The Lieutenant Governor’s top ten B.C. wines in 2006
By John Schreiner
July 19, 2007
Iona Campagnolo will complete her term as British Columbia’s Lieutenant Governor next month, having served with great distinction and having done a great deal to burnish the reputation of British Columbia.
In the wine industry, she has won acclaim for the inauguration five years ago of Awards of Excellence in British Columbia wines, a competition open to every winery in the province. In fact, this is the only major wine competition that, to my knowledge, does not charge a stiff entrance fee for each and every wine.
This spring, almost 190 wines were submitted for the 2006 competition. Since each winery can send in up for four wines, the big surprise is that more wines were not entered. It is hard to understand why excellent wineries choose not to enter.
The competition format is simple. The judges (I am a member of the panel) pick between 10 and a dozen wines which they agree are truly outstanding. And that’s it: there are no second and third place awards. The total list of competing wineries is never published, if only not to embarrass those who do not win.
This competition is only about celebrating excellence. There are no other agendas.
This year’s winners include wineries that have won before as well as several for whom this is a first-time win (and hopefully, not a last win).
It is worth noting that, as in previous years, several Syrah wines have won. Obviously, this is a red variety doing splendidly well in British Columbia.
Here are the winners:
* Nichol Vineyard for its 2004 Syrah ($35 and still available). This award is particularly satisfying. Alex Nichol, the former owner of this winery, planted the very first Syrah in the Okanagan about 1990, seven or eight years before everyone else piled into this variety. Alex sold the winery in 2005 to Ross Hackworth. This Syrah, the last one Alex made under the Nichol family ownership, is the culmination of a notable career in wine.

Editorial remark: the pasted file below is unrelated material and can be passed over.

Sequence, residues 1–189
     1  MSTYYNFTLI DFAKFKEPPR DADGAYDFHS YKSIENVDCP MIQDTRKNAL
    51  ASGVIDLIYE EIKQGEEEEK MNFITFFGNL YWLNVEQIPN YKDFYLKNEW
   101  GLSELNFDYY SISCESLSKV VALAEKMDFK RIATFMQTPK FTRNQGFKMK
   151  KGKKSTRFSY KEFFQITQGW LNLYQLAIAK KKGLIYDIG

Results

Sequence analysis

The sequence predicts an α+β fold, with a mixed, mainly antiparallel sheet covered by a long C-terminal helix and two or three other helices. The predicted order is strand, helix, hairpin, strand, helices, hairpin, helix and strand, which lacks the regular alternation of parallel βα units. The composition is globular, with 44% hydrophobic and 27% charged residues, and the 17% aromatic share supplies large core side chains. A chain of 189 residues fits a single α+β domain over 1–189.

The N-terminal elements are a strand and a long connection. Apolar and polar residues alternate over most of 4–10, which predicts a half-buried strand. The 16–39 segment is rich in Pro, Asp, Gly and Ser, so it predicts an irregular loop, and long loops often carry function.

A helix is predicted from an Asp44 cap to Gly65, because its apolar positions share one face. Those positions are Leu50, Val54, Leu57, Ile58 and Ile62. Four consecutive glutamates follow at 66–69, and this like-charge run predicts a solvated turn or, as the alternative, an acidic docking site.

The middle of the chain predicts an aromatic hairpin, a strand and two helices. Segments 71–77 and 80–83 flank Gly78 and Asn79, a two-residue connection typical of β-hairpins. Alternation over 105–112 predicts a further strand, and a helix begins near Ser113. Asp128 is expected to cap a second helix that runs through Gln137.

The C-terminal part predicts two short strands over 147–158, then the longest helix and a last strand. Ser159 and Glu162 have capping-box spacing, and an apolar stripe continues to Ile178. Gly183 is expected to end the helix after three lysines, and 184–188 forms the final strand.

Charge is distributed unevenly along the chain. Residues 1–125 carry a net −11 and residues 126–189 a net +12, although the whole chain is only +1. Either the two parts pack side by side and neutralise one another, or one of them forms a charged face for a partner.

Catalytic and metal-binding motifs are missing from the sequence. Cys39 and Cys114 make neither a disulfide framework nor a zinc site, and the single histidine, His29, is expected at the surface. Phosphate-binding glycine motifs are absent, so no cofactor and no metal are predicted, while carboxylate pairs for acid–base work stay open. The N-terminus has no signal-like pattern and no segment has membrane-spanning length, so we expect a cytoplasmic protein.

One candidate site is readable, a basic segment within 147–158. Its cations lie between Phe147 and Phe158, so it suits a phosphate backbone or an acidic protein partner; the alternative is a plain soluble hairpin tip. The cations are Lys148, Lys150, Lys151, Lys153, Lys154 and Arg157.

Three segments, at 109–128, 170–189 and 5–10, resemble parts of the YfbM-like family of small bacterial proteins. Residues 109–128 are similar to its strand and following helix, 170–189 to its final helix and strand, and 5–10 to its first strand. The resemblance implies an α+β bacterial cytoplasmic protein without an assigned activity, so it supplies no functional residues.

* Desert Hills Estate Winery for its 2004 Syrah Select ($31.90 and sold out!). This is the Black Sage Road winery opened in 2003 by Randy and Jesse Toor. In 1995 the Toor brothers converted an orchard to a vineyard with help and a grape contract from Domaine de Chaberton winery. The brothers are evidently growing terrific Syrah; their grapes produced a wine with which Domaine de Chaberton won an LG’s Award of Excellence last year.
* Jackson-Triggs Okanagan Estates 2005 Proprietors’ Reserve Shiraz ($19.00). This is the successor vintage (and arguably a finer vintage) than the winery’s 2004 Shiraz that won top honours last year at London’s International Wine & Spirits competition. Clearly, this winery makes outstanding Shiraz.
* Golden Mile Cellars 2005 Black Arts Pinot Noir ($ sold out). Winemaker Michael Bartier is showing himself an emerging master at making great Pinot Noir.
* Noble Ridge Vineyard and Winery 2005 Chardonnay ($24.99). As consulting winemaker, Michael Bartier also made this wine. He has won numerous awards for Chardonnay at the various wineries with which he has been associated. He’s no longer Noble Ridge’s consultant but he probably established a style that Noble Ridge will carry on.
* Joie Wines for 2006 Muscat (available only in select restaurants). This is the first Award of Excellence for Joie, a small but acclaimed winery established by Heidi Noble and Michael Dinn. The Naramata Road winery does not yet have a wine shop but a 9,000-sq-ft winery is currently under construction.
* Sandhill Small Lots 2006 Viognier 2 (about $25). Winemaker Howard Soon makes only a 100 or so cases a year of this elixir because there is only that much Viognier in vineyard manager Robert Goltz’s Osprey Ridge Vineyard on Black Sage Road. A hard to get wine but a very good one.
* Sumac Ridge 2003 Steller’s Jay Brut ($24.99). This is Sumac Ridge’s flagship sparkling wine. Previous vintages have won LG awards as well, which speaks to the consistency of a wine that is widely available. The winery made 5,358 cases in the 2003 vintage.
* Sumac Ridge 2004 Black Sage Vineyard Meritage ($29). This will also be reasonable available because the winery made 1,334 cases. Meritage is a term used in Canada and the U.S. for red blends with Bordeaux grapes. This one is 45% Cabernet Sauvignon, 30% Merlot and 25% Cabernet Franc.
* Thornhaven Estates Winery 2006 Gewürztraminer ($16.90). This is Thornhaven’s first LG award. Not surprising, this Gewürztraminer has won several other awards this year as well. There’s probably not much left at the winery.
Congratulations to all. These 10 wines came through some pretty tough competition.